In the invention, the substrate underlying the metal layer may be a semiconductor base, a superconductor base, or any other base on top of which thin metal films are deposited. The semiconductor base may be, for example, a silicon base or a silicon base having one or more layers, e.g., SiO2, Si3N4, or polysilicon layer, disposed on top of the silicon base. The superconductor base may be, for example, tantalum aluminide (TaAl2O3).
The metal layer comprises one of the following layers: titanium (Ti), titanium nitride (TiN), tantalum (Ta), tantalum nitride (TaN), aluminum (Al), copper (Cu), tungsten (W), tungsten nitride (WNx), and other layers conventionally used as metal layers in semiconductor process technology including other barrier-metal layers. A metal layer is considered to be “thin” when it is less than about 1000 angstroms. A metal layer is considered to be “very thin” when it is less than about 100 angstroms.
The passivation layer comprises silicon nitride. A TEM/SEM sample employing silicon nitride layer as the passivation layer has sharp, well-defined boundaries because the silicon nitride layer is less prone to react with the underlying metal layer than a SOG layer, especially when the silicon nitride layer is deposited at temperatures less than 400° C.
Preferably, the silicon nitride layer is deposited at low temperatures, between 300 and 350° C., to minimize any reactions between the silicon nitride layer and the underlying metal layer. To carry out the low temperature deposition, plasma-enhanced chemical vapor deposition (PECVD) is employed.
Additional objects, features and advantages of the invention will be set forth in the description of preferred embodiments which follows.
The invention is described in detail herein with reference to the drawings in which:
FIG. 1 is a plan view of a semiconductor device;
FIG. 2 is a cross-section of the semiconductor device of FIG. 1;
FIGS. 3A to 3E illustrate the electron microscopy sample preparation method according to the invention; and
FIG. 4 illustrates a cross-section of an electron microscopy sample produced using the method according to the invention.
The accompanying drawings, which are incorporated in and constitute a part of the specification, illustrate presently preferred exemplary embodiments of the invention, and, together with the general description given above and the detailed description of the preferred embodiments given below, serve to explain the principles of the invention.
The invention is illustrated using a semiconductor device 10. FIG. 1 shows a plan view of the semiconductor device 10 and FIG. 2 shows the cross-sectional view of the semiconductor device 10 taken along line 2—2 of FIG. 1.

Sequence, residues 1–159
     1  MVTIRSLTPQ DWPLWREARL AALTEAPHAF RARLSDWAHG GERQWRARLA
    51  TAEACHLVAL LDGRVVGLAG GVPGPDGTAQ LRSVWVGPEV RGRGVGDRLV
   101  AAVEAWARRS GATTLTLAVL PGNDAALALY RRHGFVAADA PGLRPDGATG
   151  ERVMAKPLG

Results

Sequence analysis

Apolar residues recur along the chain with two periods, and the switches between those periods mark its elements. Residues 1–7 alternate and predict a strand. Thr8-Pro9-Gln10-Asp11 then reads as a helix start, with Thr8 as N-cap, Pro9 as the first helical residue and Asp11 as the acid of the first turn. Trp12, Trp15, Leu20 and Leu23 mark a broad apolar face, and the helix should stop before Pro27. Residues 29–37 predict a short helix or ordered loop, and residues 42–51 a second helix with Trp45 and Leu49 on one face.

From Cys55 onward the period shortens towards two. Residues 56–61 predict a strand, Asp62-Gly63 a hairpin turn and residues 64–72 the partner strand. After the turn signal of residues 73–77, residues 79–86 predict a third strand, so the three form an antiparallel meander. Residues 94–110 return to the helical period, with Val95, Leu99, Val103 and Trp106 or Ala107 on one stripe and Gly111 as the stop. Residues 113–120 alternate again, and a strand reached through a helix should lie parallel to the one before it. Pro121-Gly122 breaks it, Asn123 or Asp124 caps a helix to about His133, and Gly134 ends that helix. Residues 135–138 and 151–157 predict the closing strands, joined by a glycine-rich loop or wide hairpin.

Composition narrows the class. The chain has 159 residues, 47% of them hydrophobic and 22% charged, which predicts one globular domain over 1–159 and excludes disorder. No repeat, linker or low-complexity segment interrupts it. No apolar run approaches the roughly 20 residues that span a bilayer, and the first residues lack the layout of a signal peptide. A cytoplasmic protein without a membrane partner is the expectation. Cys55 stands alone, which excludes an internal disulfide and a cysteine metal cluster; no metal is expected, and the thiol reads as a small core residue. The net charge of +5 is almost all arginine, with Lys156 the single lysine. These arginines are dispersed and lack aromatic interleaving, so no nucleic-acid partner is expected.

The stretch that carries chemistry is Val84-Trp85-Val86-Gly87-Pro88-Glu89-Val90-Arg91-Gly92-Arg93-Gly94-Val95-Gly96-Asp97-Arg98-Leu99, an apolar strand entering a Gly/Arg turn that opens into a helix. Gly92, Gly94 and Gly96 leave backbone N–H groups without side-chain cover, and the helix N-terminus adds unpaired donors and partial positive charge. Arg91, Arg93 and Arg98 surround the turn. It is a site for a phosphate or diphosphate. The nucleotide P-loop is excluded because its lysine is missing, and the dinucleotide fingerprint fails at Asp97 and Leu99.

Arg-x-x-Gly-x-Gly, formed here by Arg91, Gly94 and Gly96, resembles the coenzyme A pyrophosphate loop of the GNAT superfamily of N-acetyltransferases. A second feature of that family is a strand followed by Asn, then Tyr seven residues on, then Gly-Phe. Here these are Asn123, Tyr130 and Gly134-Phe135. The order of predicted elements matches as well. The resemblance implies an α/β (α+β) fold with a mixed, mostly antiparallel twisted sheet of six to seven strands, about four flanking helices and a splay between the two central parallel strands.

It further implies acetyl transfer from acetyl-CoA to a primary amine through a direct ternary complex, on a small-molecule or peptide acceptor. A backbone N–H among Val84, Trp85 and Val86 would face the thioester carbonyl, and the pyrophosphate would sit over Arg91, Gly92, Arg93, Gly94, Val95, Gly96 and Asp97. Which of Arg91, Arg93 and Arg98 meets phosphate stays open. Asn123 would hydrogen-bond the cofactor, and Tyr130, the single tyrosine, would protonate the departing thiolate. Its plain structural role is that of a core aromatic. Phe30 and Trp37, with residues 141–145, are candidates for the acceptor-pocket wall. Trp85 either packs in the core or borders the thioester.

The semiconductor device 10 includes a silicon base 20, two active regions in the silicon base 20 formed by adding dopants, namely a source region 30 and a drain region 40, and a polysilicon gate 50. A gate oxide layer 60, which is typically silicon oxide (SiO2), is provided between the gate 50 and the silicon substrate 20. An insulator layer 70, which may be, for example, another SiO2 layer or a Si3N4 layer, covers the gate 50 and the gate oxide layer 60. The insulator layer 70 is deposited onto the gate 50 and the gate oxide layer 60 by chemical vapor deposition (CVD). Etching is carried out to form openings 80 and 90 in the gate oxide layer 60 and the insulator layer 70.
In the description that follows, the semiconductor device 10 illustrated in FIGS. 1 and 2 will be referred to as a “substrate.” In alternative embodiments of the invention, this “substrate” may include only the silicon base 20, or a SiO2 or Si3N4 layer in addition to the silicon base 20. In this regard, the term “substrate” is being used to generally define the elements or layers that underlie a layer of metal film. As noted earlier, the “substrate” may be a superconductor base or any other base on top of which a thin metal film is deposited.
FIGS. 3A to 3E illustrate the method according to the invention.
First, a metal layer 110 is deposited on top of the substrate 100 to a thickness of about 100-1000 angstroms. The invention is illustrated here with a metal layer having a thickness of about 100-1000 angstroms but is applicable to other thickness ranges of the metal layer, e.g., 10-100 angstroms, 50-100 angstroms, 100-200 angstroms, etc. The resulting structure is illustrated in FIG. 3A. Any conventional method for depositing metal may be used. The metal layer 110 comprises one of the following layers: Ti, TiN, Ta, TaN, Al, Cu, W, WNx and other metal layers conventionally used in semiconductor process technology, including other barrier-metal layers.